Genetic Ancestry May Determine Immune Response to Influenza
Individuals from European backgrounds had higher type 1 interferon pathway activity during early influenza infection than individuals with African genetic heritage.
Investigators from the University of Chicago have long been interested in understanding how influenza infection affects individuals with different genetic ancestry. In a study published this week in Science, they explored how various cell types respond to viral infection.
The investigators used single-cell RNA-sequencing to analyze gene expression patterns in peripheral mononuclear blood cells. The cells, collected from men of European or African ancestry, were exposed to the flu in a laboratory setting.
The investigators examined the gene expression signatures of various immune cell types to determine how each cell type’s gene expression was affected by influenza infection.
The blood cells from individuals with European ancestry demonstrated an increase in type 1 interferon pathway activity during early influenza infection. This elevated pathway activation was correlated with greater capability to hinder virus replication.
Luis Barreiro, PhD, the study’s senior author and an associate professor of medicine at UChicago, said, “Interferons are proteins that are critical for fighting viral infections...Inducing a strong type I interferon pathway response early upon infection stops the virus from replicating and may therefore have a direct impact on the body’s ability to control the virus.”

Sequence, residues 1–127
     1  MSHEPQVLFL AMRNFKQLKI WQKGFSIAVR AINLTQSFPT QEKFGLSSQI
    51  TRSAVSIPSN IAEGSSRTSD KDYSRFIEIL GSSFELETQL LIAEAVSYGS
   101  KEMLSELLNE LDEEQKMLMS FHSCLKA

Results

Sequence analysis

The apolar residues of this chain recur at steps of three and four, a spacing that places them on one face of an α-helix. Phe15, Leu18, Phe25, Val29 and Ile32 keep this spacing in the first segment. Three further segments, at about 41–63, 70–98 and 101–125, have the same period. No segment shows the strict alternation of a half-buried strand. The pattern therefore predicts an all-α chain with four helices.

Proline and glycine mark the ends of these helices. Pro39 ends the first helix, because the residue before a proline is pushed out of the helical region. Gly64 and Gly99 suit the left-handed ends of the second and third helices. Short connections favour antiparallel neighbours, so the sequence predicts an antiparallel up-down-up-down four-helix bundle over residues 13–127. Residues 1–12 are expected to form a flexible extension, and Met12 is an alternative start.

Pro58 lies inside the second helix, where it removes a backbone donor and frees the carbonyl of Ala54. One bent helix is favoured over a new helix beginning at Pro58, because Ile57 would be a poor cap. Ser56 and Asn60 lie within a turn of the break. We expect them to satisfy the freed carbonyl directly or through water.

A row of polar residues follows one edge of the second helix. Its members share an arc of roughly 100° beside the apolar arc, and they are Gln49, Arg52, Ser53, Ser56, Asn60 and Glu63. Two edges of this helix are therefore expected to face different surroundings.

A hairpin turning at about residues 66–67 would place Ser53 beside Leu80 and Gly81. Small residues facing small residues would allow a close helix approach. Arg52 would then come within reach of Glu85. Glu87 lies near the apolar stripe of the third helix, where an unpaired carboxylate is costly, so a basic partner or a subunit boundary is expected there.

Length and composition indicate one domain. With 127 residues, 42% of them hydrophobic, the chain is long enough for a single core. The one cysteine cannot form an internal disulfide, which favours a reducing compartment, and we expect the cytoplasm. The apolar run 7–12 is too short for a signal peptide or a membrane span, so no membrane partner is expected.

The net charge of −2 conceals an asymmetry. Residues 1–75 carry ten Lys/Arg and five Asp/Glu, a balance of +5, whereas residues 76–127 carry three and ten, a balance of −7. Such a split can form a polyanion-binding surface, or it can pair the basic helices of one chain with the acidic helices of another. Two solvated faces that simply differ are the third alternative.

Barreiro noted, “Unexpectedly, this central pathway to our defense against viruses appears to be amongst the most divergent between individuals from African and European ancestry.”
The study authors pointed out that this difference in immune pathway activation could be a cause of influenza disparities across racial groups, such as non-Hispanic Black Americans being the most likely to be hospitalized due to the flu.
However, they emphasized that these results are not proof of genetic differences in disease susceptibility, but rather of differing environmental and lifestyle factors among racial groups that could influence gene expression and alter immune response.
Barreiro said, “There’s a strong relationship between the interferon response and the proportion of the genome that is of African ancestry, which might make you think it’s genetic, but it’s not that simple. Genetic ancestry also correlates with environmental differences. A lot of what we’re capturing could be the result of other disparities in our society, such as systemic racism and healthcare inequities. Although some of the differences we show in the paper can be linked to specific genetic variation, showing that genetics do play some role, such genetic differences are not enough to fully explain the differences in the interferon response.”